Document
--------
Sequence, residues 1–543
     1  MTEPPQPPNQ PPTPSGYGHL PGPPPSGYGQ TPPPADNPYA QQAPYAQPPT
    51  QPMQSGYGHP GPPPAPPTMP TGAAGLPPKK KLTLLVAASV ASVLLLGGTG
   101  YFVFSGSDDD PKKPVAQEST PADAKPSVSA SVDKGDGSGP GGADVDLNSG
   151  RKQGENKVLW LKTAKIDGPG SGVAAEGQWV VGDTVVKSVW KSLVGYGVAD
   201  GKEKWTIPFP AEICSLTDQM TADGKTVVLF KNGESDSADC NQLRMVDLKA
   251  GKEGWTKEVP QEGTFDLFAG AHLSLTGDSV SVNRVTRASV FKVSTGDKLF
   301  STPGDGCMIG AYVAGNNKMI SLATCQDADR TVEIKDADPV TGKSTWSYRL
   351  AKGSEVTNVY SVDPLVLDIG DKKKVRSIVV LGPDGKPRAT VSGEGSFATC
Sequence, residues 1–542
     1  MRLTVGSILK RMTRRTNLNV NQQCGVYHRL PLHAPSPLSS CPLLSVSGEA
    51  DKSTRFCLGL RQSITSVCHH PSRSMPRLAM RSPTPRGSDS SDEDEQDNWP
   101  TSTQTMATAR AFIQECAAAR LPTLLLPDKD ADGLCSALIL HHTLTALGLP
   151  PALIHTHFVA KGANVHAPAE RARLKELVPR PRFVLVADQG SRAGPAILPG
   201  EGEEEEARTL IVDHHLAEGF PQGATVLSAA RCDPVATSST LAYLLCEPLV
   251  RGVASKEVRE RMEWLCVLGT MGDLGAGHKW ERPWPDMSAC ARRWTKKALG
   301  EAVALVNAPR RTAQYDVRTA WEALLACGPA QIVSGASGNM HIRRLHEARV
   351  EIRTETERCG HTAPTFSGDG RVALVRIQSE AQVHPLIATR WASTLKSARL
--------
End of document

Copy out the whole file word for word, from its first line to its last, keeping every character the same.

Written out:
Sequence, residues 1–543
     1  MTEPPQPPNQ PPTPSGYGHL PGPPPSGYGQ TPPPADNPYA QQAPYAQPPT
    51  QPMQSGYGHP GPPPAPPTMP TGAAGLPPKK KLTLLVAASV ASVLLLGGTG
   101  YFVFSGSDDD PKKPVAQEST PADAKPSVSA SVDKGDGSGP GGADVDLNSG
   151  RKQGENKVLW LKTAKIDGPG SGVAAEGQWV VGDTVVKSVW KSLVGYGVAD
   201  GKEKWTIPFP AEICSLTDQM TADGKTVVLF KNGESDSADC NQLRMVDLKA
   251  GKEGWTKEVP QEGTFDLFAG AHLSLTGDSV SVNRVTRASV FKVSTGDKLF
   301  STPGDGCMIG AYVAGNNKMI SLATCQDADR TVEIKDADPV TGKSTWSYRL
   351  AKGSEVTNVY SVDPLVLDIG DKKKVRSIVV LGPDGKPRAT VSGEGSFATC
Sequence, residues 1–542
     1  MRLTVGSILK RMTRRTNLNV NQQCGVYHRL PLHAPSPLSS CPLLSVSGEA
    51  DKSTRFCLGL RQSITSVCHH PSRSMPRLAM RSPTPRGSDS SDEDEQDNWP
   101  TSTQTMATAR AFIQECAAAR LPTLLLPDKD ADGLCSALIL HHTLTALGLP
   151  PALIHTHFVA KGANVHAPAE RARLKELVPR PRFVLVADQG SRAGPAILPG
   201  EGEEEEARTL IVDHHLAEGF PQGATVLSAA RCDPVATSST LAYLLCEPLV
   251  RGVASKEVRE RMEWLCVLGT MGDLGAGHKW ERPWPDMSAC ARRWTKKALG
   301  EAVALVNAPR RTAQYDVRTA WEALLACGPA QIVSGASGNM HIRRLHEARV
   351  EIRTETERCG HTAPTFSGDG RVALVRIQSE AQVHPLIATR WASTLKSARL